Liam Bourke, Stephen A. Boorjian, Alberto Briganti, Laurence Klotz, Lorelei Mucci, Matthew J. Resnick, Derek J. Rosario, Ted A. Skolarus and David F. Penson

Accepted 16 April 2015

Footnotes

Department of Radiation Oncology, Dana-Farber/Brigham and Women's Cancer Center, Boston, MA, USA

Department of Radiation Oncology, Dana-Farber/Brigham and Women's Cancer Center, 75 Francis Street, ASB-I, L2, Boston MA 02115, USA. Tel. +1 617 732 7948; Fax: +1 617 975 0912.

Article information

PII: S0302-2838(15)00405-4
DOI: 10.1016/j.eururo.2015.05.004
© 2015 European Association of Urology, Published by Elsevier B.V.

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Duration of Androgen Deprivation Therapy Influences Outcomes for Patients Receiving Radiation Therapy Following Radical Prostatectomy

Abstract Background

Limited data exist to guide the use of androgen deprivation therapy (ADT) for men treated with radiation therapy (RT) after radical prostatectomy (RP). The optimal duration of ADT in this setting is unknown.

Objective

To determine if the duration of ADT influences clinical outcomes for men receiving post-RP RT.

Design, setting, and participants

A total of 680 men who received adjuvant radiation therapy (n = 105) or salvage radiation therapy (n = 575) between 1986 and 2010 at a single tertiary care institution were reviewed retrospectively. Median follow-up post-RT was 57.8 mo.

Intervention

RT was delivered using three-dimensional conformal or intensity-modulated RT in 1.8-Gy fractions. For patients treated with ADT, >80% were treated with a gonadotropin-releasing hormone agonist with or without a nonsteroidal antiandrogen.

Outcome measurements and statistical analysis

Biochemical failure (BF), distant metastasis (DM), prostate cancer–specific mortality (PCSM), and overall mortality were assessed using Kaplan-Meier analysis and propensity score analysis.

Results and limitations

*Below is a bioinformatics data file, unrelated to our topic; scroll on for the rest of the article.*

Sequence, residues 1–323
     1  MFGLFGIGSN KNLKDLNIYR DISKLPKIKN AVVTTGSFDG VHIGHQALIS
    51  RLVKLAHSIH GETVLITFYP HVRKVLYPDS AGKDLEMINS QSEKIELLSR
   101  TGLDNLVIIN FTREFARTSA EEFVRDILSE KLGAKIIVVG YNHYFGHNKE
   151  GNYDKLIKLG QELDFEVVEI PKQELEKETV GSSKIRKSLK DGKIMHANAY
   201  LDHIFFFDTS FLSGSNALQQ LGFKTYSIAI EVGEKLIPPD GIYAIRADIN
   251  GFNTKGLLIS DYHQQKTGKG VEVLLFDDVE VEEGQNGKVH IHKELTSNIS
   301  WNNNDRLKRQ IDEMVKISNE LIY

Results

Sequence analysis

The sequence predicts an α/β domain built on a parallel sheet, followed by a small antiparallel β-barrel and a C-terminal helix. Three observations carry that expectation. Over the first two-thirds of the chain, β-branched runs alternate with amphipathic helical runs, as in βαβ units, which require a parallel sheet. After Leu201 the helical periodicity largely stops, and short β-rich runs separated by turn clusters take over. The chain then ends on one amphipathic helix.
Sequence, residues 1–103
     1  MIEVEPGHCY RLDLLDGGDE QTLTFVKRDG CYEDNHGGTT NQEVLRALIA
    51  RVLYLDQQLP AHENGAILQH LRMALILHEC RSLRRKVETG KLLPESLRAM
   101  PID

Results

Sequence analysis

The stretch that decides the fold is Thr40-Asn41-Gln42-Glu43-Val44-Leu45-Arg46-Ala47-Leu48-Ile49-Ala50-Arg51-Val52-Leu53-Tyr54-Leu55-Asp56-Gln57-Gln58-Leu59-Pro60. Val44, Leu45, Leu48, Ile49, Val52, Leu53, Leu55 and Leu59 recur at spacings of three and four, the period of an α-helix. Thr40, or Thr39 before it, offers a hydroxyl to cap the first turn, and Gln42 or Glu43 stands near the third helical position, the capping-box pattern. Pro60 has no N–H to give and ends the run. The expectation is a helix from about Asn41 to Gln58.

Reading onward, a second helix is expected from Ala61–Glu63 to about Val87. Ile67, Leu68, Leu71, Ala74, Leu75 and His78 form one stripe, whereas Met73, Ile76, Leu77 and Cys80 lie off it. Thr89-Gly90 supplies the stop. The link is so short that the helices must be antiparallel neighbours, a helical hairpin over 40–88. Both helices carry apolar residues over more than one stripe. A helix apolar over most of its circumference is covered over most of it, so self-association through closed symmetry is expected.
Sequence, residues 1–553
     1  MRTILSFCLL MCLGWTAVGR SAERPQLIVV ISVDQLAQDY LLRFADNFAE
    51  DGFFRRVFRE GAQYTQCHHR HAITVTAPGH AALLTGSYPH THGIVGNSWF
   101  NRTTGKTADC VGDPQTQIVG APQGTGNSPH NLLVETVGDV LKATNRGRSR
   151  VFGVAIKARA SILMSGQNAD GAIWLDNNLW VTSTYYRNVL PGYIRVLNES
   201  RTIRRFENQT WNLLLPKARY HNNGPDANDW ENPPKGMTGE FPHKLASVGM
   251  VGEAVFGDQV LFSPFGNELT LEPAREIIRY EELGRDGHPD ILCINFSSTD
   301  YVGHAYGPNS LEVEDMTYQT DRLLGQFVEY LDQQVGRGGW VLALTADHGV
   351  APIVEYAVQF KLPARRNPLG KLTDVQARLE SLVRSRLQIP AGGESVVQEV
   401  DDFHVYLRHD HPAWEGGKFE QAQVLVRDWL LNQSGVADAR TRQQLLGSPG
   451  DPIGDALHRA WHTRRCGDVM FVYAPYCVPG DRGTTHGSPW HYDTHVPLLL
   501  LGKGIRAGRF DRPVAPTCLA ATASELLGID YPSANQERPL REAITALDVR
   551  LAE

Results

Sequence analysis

Overall, 144 patients (21%) received ADT with post-RP RT, most of whom had high-risk disease features such as Gleason score 8–10, seminal vesicle invasion, or pre-RT prostate-specific antigen >1 ng/ml. Median ADT duration was 12 mo (interquartile range: 6.0–23.7). Patients who received <12 mo of ADT had an association with increased BF (hazard ratio [HR]: 2.27;p = 0.003) and DM (HR: 2.48;p = 0.03) compared with patients receiving ≥12 mo of ADT. The 5-yr rates of DM were 6.0% and 23% for ≥12 and <12 mo of ADT, respectively. On propensity score analysis controlling for pretreatment and treatment-related factors, each month of ADT was associated with a decreased risk for BF (HR: 0.95;p = 0.0004), DM (HR: 0.88;p = 0.0004), and PCSM (HR: 0.90;p = 0.037). These findings are limited by the retrospective nature of our analysis.

Conclusions

For men with high-risk disease features receiving ADT with post-RP RT, the duration of ADT is associated with clinical outcomes. Our findings suggest that for these men an extended course of ADT ≥12 mo may be preferable. Validation of our findings is needed.

Patient summary

We evaluated outcomes for men with high-risk disease features treated with androgen deprivation therapy (ADT) and radiotherapy after radical prostatectomy. Longer durations of ADT resulted in improved patient outcomes.

Take Home Message

We evaluated outcomes for men treated with the combination therapy of androgen deprivation therapy (ADT) and radiation therapy following radical prostatectomy. We concluded that the best outcomes were observed in men treated with longer durations of ADT.

Keywords: Prostate cancer, Androgen deprivation therapy, Postprostatectomy radiotherapy.

Footnotes

a Department of Radiation Oncology, University of Michigan Medical Center, Ann Arbor, MI, USA

b Department of Radiation Oncology, Cedars-Sinai, Los Angeles, CA, USA

c Department of Urology, University of Michigan Medical Center, Ann Arbor, MI, USA

Corresponding author. Department of Radiation Oncology, University of Michigan Medical Center, 1500 E. Medical Center Drive, Ann Arbor, MI 48109, USA. Tel. +1 734 936 4302.

Article information

PII: S0302-2838(15)00410-8
DOI: 10.1016/j.eururo.2015.05.009
© 2015 European Association of Urology, Published by Elsevier B.V.

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Reply to Pranav Sharma, Asad Sawar and Philippe Spiess’ Letter to the Editor re: Re: Craig Rogers, Ravi Barod, Scott Schwartz, Mani Menon. Endovascular Extraction of Caval Tumor Thrombus to Facilitate Minimally Invasive Cytoreductive Nephrectomy for...

Refers to article:

Endovascular Extraction of Caval Tumor Thrombus to Facilitate Minimally Invasive Cytoreductive Nephrectomy for Metastatic Kidney Cancer

Craig Rogers, Ravi Barod, Scott Schwartz and Mani Menon

Accepted 23 March 2015

Footnotes

Vattikuti Urology Institute, Henry Ford Hospital, Detroit, MI, USA

Corresponding author. Vattikuti Urology Institute, Henry Ford Hospital, 2799 West Grand Blvd., Detroit, MI 48202-2689, USA.

Article information

PII: S0302-2838(15)00416-9
DOI: 10.1016/j.eururo.2015.05.014
© 2015 Published by Elsevier B.V.

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Renal Tumor Biopsy: More Dogma Belied

Refers to article: